50TH VANIER CUP INTERVIEW SERIES: Dennis Hrycaiko (1970)

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50TH VANIER CUP INTERVIEW SERIES: 1970
A conversation with…
Dennis Hrycaiko, running back, University of Manitoba Bisons

In Vanier Cup VI, the Manitoba Bisons dominated the Ottawa Gee-Gees 38-11 at Varsity Stadium in Toronto to become the first program to successfully defend the CIAU football banner and to win two Vanier Cups. One of the many Manitoba players to earn a second straight ring in 1970 was running back Dennis Hrycaiko, who rushed for a game-high 95 yards on only 14 carries, including a 29-yard touchdown that gave the Bisons a commanding 20-3 lead early in the third quarter.

What is your major memory of the entire Vanier Cup week and the overall experience?

The main difference between the 1969 and 1970 games was that in ‘69, it was played on a frozen, slippery field and it was hard to run, as I was lined up as halfback. It was extremely difficult to make cuts in the first championship win but in ’70, it was a sunny afternoon game and I was surprised how easily we won over Ottawa. There was also a pre-game banquet in both years and I remember that both times there was more talk about the opposition than about us. We were the defending champs in 1970 but hardly received a mention during the banquet. We did not need it but… talk about a motivator heading into the game. We felt that we did not receive the due recognition or respect as defending champions. I also remember that the 1970 Vanier Cup was the first one televised in colour.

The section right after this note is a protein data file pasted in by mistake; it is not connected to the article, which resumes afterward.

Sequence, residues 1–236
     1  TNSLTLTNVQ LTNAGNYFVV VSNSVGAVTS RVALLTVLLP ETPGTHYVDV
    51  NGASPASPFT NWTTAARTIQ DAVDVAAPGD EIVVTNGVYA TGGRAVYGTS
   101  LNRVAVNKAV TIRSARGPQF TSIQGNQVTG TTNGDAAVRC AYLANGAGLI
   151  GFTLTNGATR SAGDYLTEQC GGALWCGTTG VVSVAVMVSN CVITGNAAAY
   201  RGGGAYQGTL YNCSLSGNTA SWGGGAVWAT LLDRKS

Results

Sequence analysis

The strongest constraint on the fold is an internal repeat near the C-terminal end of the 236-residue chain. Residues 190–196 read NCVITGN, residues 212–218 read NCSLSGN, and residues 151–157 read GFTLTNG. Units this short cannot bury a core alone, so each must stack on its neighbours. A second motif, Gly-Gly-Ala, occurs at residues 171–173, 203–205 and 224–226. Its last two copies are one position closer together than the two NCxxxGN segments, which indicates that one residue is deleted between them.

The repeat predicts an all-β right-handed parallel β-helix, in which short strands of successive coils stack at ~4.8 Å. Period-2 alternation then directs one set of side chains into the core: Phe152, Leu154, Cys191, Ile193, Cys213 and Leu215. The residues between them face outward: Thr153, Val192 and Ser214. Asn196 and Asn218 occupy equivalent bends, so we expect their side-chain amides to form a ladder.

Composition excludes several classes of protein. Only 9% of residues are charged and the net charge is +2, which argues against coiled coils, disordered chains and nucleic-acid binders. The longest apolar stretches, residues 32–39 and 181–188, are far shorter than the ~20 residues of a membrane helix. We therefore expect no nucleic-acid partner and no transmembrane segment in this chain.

What is your one major lasting memory of the actual game?

We had an incredibly tough Western Bowl match in Winnipeg against Queen’s the week before and we won 24-20 in overtime in front of over 15,000 people. We knew how good Queen’s was as they had defeated us in 1968. I remember how proud I was of us going back to the national championship and then of course of the fact we became the first team to win back-to-back titles. We had the attitude of not being satisfied with winning one Vanier Cup and what a great feeling it was to win again in 1970 despite not being the favourites.

What do you remember as the key play of the game?

There was not one key play but the thought that sticks out is how we dominated Ottawa throughout the game and how our offence received a lot of the press but the defence was underestimated. Our defence kept Ottawa to only 11 points.

(Note: Manitoba held Ottawa to five first downs and 209 yards of net offence)

What was your personal greatest play or moment?

I remember my 29-yard TD run. I cut it right up the middle and I guess they had shifted the wrong way and nobody was there. I was fast back then and ran straight into the end zone.

Did the coaches do anything different from normal routine in the preparation for the game?

The coaches prepared us and had us focused on the task at hand. Head coach Henry Janzen had us ready with the same intense preparations we had during the entire season. A lot of players were back from the championship win in 1969 and knew what it took to win. In addition, the new players were excited to try and win a national championship.

How did you or the team react to the stadium, the crowd, the weather?

It was a nice day as opposed to the first win in 1969. We could enjoy the game as we were in control for the majority of the contest. I remember we led 13-3 at halftime and 23-3 after three quarters. I think we surprised Ottawa with how good of a football team we had.